Wed, 8 Sep 2010 19:22:40 -0700
I don't know why I vacillate every year, the amplitude of my unsurety yet greater. Though I knew I'd regret not going, I was still perhaps only at 80, 85% as I turned the stuffed rental sedan off tiny NV 447 and onto the packed alkaline dust road of the long gate to the burn. Nothing was immediately magnificent -- we didn't arrive into the midst of a white-out as I had my first year, my ticket at will-call and me taking a last breath of recycled car air and plunging into the storm; the yet-morning sky shone blue but not breathtaking; I knew my way up the 6:00 radius to drop eager, nervous, and brimming passengers off at Poly Paradise, at Urban Jungle Spa. I found Shawn & Cynthia and the van on our tiny plot on 6:30 just above F ("Florence," in this year's Metropolis-themed streets). And we began.
By Tuesday night -- after the rainstorm Monday evening that chased us into our neighbors' Tyvek dome for boxed wine, cocktails, and shelter; after the subsequent double rainbow (not as stunning as 2007's, but what possibly could be?); after the heavy beams and webbing lines of Shawn's latest tensegrity structure had been winched, ratcheted, and tweaked into place -- I was still not so sure about the place. I left camp after dark in my opera-length pink gloves and already-bedraggled new white fur jacket (rain and playa dust had the previous day begun to mix on its fibers), found the Radiohead-playing marching band but no Steve, and sat alone staring up at the base of the Chrysler-building-esque Man, reflecting that perhaps I should really take next year off. Fuck this hippie desert festival. So of course that was when (as I almost knew they would) three ebullient men with beautiful, wirelessly-synchronized, LED-pattern-blinking white children's umbrellas came twirling up to me, offering cocktails and flasks of tequila and would I like to hold an umbrella? Synchronized spinning patterns of light on white, glowing in the darkness at the feet of the Man. And company. Perhaps this Burning Man thing might not suck, after all. (And I did find Steve, ultimately, serving up mixed drinks to the line at Midnight Poutine, whose potatoes and cheese curds and mushroom gravy were the other thing I exactly wanted right at that moment.)
By Wednesday, Shawn had graciously wired up the solar panel I'd brought -- panel to charge controller to battery to inverter to big-ass guitar amp, several strings of pink Christmas lights, and a lamp -- and oh, I carved an empty gallon jug into an ersatz ice bucket, uncorked the first bottle of dry French rosé, made myself a sandwich, and set my old 2004 iPod to the opening strains of Bach's cello suites. Yes, this is what I'd wanted to do on the playa this year. And here we were, not electrocuted, the battery maintaining full charge, and the tired platters of the hard disk barely skipping at all. Perhaps I began to enjoy myself.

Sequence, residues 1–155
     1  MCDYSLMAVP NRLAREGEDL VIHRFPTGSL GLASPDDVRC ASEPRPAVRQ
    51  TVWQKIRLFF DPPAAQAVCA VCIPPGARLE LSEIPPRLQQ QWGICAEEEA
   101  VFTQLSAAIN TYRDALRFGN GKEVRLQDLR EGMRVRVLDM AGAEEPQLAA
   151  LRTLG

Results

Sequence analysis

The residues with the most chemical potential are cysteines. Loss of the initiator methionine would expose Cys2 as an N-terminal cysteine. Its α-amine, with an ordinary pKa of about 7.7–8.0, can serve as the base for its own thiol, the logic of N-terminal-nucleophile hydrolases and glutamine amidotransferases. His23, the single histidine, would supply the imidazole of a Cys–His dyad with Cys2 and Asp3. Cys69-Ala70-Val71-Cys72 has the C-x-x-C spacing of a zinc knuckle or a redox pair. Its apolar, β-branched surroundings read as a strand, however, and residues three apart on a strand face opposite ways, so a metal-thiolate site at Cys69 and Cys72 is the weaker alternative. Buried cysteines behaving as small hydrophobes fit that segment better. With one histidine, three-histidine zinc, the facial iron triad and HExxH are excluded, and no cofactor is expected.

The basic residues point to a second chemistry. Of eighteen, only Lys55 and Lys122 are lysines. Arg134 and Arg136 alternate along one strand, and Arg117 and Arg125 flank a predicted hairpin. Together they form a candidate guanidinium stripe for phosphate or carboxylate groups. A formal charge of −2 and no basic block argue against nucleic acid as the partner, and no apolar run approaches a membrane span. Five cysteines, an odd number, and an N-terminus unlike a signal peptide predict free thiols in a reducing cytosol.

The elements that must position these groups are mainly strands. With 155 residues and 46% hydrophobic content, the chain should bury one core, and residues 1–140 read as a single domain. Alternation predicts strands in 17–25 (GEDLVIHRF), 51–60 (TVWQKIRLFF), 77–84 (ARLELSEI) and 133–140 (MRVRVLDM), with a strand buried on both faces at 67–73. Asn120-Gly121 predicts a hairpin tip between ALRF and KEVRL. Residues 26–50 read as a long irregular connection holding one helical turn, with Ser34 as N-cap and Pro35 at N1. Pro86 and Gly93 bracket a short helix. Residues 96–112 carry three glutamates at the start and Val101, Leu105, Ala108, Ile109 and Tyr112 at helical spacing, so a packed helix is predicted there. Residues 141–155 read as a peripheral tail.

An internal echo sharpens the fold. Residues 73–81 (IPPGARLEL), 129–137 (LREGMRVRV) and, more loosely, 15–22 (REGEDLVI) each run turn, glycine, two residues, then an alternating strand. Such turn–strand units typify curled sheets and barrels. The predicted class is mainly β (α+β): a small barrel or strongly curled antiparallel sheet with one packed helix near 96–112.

Mine was not an epic burn -- not epic like Anima & Jesse's (she of the wide smile and flowers in her beribboned hair; he seemingly always dancing, following her every movement with his appreciative eyes), who got engaged on the playa before sunrise one morning, which they greeted dusty and in love; not even epic like that of the guy at a club one night who solemnly nodded his head in time to the beats and held aloft a sign spelling out "EPIC" in EL wire. Mine was, I suppose, merely a week in a city I hold dear: Passers-by doing double-takes and stopping to peer into our tensegrity shade structure because of my loud Bach (or Brahms, or Rachmaninoff); a marriage proposal from a Russian to whom I fed vegan pancakes I'd just made; drinking Dark & Stormys during Brian's radio shift on BMIR. A million stars; a sometimes-man and poutine; a parasol.
I therefore surprise myself by being somewhat sad for it to end. I might have choked up a bit leaving Sunday morning, forgoing a last look at the Temple in favor of the beginning of Exodus. The view from the top deck of the Bay Bridge was equally wonderful, though: Coit Tower rising up in the darkness from Telegraph Hill, SF is, of course, my Metropolis. And yet the serotonin levels in my brain feel still low, such that when I put down my newspaper on the morning shuttle and stare out the window, it's the burn still lining my subconscious; such that I talked to Tim about our respective experiences for an hour last night at roommate Jesse's cake-and-whiskey birthdaying at our apartment, about dust and community and eleventh-hour plans and glowing things and interactive art and a brief alternative society. I don't have stories per se this year -- nothing happened -- and though I am reminded now about the marvels of running water and flush toilets, I yet want to find the people with dusty cars, furry bikes, and dazed expressions, and just hug them.